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Article
June 10, 1899

MEDICAL ASPECTS OF CRIME.ORATION ON STATE MEDICINE BEFORE THE FIFTIETH ANNUAL MEETING OF THE AMERICAN MEDICAL ASSOCIATION. COLUMBUS, OHIO, JUNE 6-9, 1899.

Author Affiliations

Professor of Mental Diseases, Materia Medica and Therapeutics, Rush Medical College; Professor of Diseases of the Nervous System, Post-Graduate Medical School; Professor of Diseases of the Nervous System and Clinic Medicine, Northwestern University Woman's Medical School, etc. CHICAGO.

JAMA. 1899;XXXII(23):1282-1287. doi:10.1001/jama.1899.92450500006002a
Abstract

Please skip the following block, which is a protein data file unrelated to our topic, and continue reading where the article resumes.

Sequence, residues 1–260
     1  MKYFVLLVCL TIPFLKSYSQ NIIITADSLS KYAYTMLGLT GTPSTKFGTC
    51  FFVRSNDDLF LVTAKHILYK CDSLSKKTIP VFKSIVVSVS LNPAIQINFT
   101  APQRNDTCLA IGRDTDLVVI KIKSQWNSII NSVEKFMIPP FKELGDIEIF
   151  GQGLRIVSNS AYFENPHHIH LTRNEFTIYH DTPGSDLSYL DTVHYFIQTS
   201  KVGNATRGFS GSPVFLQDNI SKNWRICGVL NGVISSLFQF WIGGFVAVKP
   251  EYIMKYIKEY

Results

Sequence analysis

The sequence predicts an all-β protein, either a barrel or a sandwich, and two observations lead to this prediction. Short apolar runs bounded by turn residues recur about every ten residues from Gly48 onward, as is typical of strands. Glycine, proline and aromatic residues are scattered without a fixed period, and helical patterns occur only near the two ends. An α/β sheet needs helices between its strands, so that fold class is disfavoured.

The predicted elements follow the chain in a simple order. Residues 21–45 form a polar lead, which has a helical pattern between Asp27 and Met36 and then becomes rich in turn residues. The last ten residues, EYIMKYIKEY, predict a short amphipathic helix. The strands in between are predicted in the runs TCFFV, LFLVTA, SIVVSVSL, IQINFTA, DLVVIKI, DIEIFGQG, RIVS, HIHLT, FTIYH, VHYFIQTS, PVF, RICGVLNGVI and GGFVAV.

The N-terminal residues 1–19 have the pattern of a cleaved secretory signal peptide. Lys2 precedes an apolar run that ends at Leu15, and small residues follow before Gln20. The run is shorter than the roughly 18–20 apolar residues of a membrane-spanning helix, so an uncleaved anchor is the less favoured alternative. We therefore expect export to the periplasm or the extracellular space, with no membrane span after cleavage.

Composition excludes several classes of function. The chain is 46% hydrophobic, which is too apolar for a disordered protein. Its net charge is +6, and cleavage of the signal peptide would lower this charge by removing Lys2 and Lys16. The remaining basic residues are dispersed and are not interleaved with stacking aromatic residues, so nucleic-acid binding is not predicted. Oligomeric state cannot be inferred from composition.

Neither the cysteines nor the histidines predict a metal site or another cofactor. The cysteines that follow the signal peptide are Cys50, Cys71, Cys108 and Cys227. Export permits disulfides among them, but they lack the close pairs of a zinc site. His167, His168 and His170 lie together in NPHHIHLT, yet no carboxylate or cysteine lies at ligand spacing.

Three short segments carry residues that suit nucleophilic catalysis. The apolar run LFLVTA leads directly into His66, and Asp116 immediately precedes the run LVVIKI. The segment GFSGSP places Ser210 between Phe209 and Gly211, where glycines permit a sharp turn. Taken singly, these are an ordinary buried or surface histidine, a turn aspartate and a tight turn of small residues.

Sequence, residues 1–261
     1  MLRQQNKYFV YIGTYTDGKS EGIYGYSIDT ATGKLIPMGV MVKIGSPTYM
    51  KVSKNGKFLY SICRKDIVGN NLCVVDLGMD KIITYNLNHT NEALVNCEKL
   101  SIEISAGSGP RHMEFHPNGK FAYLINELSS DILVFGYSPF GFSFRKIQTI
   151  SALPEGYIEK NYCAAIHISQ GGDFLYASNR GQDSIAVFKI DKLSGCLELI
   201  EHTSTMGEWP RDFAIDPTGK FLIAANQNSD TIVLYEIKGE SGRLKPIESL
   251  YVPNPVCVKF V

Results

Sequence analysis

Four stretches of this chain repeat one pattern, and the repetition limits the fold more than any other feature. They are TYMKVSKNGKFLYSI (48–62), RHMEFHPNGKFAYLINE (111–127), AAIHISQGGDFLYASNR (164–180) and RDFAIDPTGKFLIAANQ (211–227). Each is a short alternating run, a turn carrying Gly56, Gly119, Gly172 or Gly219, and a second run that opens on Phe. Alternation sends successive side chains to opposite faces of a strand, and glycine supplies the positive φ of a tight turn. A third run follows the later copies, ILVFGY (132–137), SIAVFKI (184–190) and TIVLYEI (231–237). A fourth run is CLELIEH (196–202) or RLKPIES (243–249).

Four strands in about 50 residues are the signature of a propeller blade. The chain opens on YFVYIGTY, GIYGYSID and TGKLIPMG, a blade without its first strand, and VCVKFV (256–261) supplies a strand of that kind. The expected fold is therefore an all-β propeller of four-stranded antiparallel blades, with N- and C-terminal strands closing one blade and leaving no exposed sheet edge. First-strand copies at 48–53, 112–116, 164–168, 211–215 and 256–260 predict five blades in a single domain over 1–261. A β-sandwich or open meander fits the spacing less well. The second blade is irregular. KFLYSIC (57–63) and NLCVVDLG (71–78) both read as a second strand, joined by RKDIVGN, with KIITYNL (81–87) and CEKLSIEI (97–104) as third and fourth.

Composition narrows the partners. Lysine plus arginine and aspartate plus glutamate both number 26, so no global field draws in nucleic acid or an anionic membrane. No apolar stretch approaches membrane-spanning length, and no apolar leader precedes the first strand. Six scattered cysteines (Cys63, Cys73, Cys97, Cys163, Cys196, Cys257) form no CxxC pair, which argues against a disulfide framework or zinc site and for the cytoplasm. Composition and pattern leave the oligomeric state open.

The limitation and treatment of crime is one of the great questions of the day. The closing hours of the nineteenth century are full of wonders. The progress in science, in literature and in art has been marvelous. Medicine and surgery have made mighty strides. The insane, the feeble-minded, the deaf, dumb and blind have received in these later years treatment that is scientific and successful. The care of the criminal is the one great question that baffles society, and great difficulties have arisen from the fact that the medical aspects of crime have not been sufficiently considered. Criminology of to-day is much in the same condition that psychiatry was when Pinel and Tuke appeared and wrought their memorable reforms, substituting patience and scientific treatment for brutality and chains. This transformation in the care of the insane was brought about by the medical profession, and it is our duty to-day

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